Should Beginners Focus on Listening?

I was reading “Effortless English” by A.J. Hoge and he advises beginners to focus up to 80% of their study time on listening practice. What do you think of this?
I can see why if it is a complete beginner who couldn’t even make up the sounds of the words in his head while reading, but would this make any sense past that point?

With language learning everything is so subjective and it varies according to the learner. Personally, if it were possible, I’d want to read a beginner leveltext line by line with both the target language and a language I know well next to each other with native audio too. Language is first and foremost sound so I can why many people emphasize doing a lot of listening right up front even when you can’t understand. That’s ok for a little bit if you’re multi tasking like doing chores. But if you sit down to study can you imagine limiting yourself to audio input only and not using a text? It just seems like you’re handicapping yourself for no reason.


I know there are people that have strong opinions about it but at the end, if you are able to know very well yourself, you build the way you learn languages around your needs, capabilities and situation.

If I learn a language directly living abroad like I did, I learn by constant interactions with people, few textbooks and working there. I learn faster, better and without any mental stress in this way. Now, with more knowledge, I would integrate with text+audio or text only to increase vocabulary.

If I learn at home, which is new to me and it took time to figure it out, I prefer text+audio all the time. But I might struggle with listening first, so I go with text until I increase the necessary vocabulary to put my mind at ease, and introduce the audio. Then writing and speaking as output.

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You shouldn’t completely ignore listening comprehension, but I probably agree more with Steve, that your primary goal as a beginner and lower intermediate probably should be vocabulary acquisition.

You should obviously be trying to build your listening and/or reading comprehension at the same time, but the crux of not understanding as a beginner is vocabulary. Obviously, if you are learning Ancient Greek or Latin, you don’t care one bit about listening comprehension. Whereas, some people learning some character languages don’t care much about reading comprehension. So your secondary goals may differ, but vocabulary acquisition remains the same.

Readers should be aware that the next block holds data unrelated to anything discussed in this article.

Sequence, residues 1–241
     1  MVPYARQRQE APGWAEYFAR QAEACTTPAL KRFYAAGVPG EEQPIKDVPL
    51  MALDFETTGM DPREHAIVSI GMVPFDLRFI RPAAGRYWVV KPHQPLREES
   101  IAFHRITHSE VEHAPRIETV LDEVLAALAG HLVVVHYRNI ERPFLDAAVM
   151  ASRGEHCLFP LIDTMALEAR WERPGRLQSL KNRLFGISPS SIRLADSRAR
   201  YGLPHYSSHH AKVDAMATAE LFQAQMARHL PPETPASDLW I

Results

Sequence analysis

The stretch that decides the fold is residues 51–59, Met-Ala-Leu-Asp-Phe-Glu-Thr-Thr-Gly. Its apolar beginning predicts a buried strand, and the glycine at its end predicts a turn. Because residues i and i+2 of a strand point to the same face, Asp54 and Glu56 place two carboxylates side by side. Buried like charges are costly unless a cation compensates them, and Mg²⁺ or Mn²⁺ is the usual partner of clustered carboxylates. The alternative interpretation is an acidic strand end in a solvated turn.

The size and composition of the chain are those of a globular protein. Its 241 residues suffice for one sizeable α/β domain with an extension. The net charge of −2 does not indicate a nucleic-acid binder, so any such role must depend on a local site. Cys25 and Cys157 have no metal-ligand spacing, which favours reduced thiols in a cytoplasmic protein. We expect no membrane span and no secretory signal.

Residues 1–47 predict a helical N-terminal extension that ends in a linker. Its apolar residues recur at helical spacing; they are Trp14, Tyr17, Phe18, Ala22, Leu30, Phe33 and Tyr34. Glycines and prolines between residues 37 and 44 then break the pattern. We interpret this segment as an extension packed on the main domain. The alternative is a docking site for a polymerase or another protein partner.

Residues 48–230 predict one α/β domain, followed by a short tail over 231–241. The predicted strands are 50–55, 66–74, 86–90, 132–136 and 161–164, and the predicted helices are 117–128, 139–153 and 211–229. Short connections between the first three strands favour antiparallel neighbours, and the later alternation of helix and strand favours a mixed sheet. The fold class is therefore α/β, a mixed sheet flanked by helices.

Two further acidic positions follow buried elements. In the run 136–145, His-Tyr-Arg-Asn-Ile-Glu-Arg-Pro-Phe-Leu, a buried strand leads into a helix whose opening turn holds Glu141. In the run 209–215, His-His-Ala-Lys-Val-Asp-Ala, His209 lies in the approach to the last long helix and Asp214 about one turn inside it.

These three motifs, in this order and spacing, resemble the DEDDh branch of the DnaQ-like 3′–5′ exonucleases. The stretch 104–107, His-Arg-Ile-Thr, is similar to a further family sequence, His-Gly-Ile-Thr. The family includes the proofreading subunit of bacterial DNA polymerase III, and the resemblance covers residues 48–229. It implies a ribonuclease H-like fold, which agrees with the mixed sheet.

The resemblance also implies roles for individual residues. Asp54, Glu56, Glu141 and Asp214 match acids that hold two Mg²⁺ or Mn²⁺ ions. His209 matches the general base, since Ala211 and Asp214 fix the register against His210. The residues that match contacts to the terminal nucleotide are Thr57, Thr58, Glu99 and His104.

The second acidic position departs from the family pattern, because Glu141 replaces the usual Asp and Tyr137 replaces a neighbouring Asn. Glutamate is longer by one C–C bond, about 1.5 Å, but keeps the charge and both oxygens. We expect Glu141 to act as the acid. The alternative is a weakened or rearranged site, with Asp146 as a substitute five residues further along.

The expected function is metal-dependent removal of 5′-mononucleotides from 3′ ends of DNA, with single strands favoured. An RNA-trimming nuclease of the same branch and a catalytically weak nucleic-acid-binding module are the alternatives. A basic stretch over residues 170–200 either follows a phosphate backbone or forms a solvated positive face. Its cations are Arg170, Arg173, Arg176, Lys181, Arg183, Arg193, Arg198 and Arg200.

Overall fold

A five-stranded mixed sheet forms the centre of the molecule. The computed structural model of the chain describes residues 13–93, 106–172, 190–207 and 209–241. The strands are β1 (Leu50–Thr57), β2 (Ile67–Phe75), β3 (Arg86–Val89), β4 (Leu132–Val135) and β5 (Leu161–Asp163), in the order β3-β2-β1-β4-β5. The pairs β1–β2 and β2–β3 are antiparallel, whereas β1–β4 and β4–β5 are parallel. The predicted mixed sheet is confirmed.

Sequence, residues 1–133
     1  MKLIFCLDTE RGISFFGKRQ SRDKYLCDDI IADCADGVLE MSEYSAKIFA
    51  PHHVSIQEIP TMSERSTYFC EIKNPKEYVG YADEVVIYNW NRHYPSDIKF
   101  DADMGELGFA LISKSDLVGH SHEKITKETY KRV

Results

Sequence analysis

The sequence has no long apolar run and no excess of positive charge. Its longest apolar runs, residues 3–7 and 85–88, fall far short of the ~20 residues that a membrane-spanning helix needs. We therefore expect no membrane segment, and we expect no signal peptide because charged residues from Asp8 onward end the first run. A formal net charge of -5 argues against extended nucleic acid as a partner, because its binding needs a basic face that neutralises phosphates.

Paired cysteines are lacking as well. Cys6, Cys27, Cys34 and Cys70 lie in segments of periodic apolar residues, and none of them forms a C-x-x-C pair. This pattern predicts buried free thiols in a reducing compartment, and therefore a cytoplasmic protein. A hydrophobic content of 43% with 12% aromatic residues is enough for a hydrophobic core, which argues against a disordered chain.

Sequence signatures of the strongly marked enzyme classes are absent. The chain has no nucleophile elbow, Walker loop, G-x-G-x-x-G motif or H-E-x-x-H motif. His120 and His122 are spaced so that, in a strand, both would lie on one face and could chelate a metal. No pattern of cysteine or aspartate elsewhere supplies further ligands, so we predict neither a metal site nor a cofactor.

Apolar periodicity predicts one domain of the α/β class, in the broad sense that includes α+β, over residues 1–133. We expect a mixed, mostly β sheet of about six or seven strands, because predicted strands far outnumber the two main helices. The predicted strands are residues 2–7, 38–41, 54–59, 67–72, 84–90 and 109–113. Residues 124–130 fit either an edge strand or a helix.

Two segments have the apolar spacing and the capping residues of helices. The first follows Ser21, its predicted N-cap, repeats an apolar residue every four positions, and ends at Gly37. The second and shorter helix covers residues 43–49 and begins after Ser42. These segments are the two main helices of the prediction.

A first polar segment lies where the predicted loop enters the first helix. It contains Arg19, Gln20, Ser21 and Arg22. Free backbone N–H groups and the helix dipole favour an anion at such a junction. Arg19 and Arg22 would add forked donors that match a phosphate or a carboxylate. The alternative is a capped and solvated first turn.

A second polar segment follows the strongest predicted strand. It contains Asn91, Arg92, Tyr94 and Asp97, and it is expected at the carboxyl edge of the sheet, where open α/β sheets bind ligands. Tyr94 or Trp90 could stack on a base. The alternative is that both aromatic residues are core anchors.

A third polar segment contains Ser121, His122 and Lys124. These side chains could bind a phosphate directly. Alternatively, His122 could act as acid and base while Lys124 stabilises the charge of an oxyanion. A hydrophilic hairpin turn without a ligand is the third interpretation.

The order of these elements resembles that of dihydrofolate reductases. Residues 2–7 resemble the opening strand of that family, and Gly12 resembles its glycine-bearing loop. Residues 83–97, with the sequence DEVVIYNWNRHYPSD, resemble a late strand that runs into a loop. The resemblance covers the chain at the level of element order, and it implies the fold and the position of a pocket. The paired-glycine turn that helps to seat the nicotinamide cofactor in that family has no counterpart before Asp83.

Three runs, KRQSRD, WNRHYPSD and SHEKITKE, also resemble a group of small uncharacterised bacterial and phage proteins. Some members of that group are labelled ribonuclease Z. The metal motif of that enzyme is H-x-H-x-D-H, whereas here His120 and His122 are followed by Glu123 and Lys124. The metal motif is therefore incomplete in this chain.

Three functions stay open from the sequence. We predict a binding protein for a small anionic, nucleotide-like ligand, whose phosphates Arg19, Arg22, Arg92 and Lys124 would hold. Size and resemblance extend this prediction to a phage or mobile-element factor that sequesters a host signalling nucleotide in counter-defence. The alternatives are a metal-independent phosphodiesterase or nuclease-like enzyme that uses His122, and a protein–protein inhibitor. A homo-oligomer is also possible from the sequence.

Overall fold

A workflow, which worked well for me as an Italian beginner, was to:

  1. Read the Mini Story / beginner content and lingQ the New Words with TTS on
  2. Turn TTS off, then re-read the lesson while listening to the audio, clicking on the words you forgot the meaning
  3. Re-read while listening again clicking on forgotten words
  4. Put the audio in your playlist and re-listen to the audio while walking the dog, commuting, washing the dishes, etc. perhaps the following day
  5. Re-listen a few days later

  1. Re-listen months later

After about 15 listens, I got bored of the content and felt that the usefulness was diminishing, so I deleted the lesson from my playlist. If you do at least one new lesson per day, your playlist is plenty long, so you don’t have to worry about that.

This workflow focused on learning vocabulary, drilling them in through the multiple re-reads and re-listens, improving listening comprehension, improving reading comprehension, and intuitively increasing your understanding of grammar.

I used this workflow from a beginner until about mid-intermediate, when I changed it to focus more on solidifying the words I already knew in a much wider range of contexts (i.e. more novel content, less re-listens).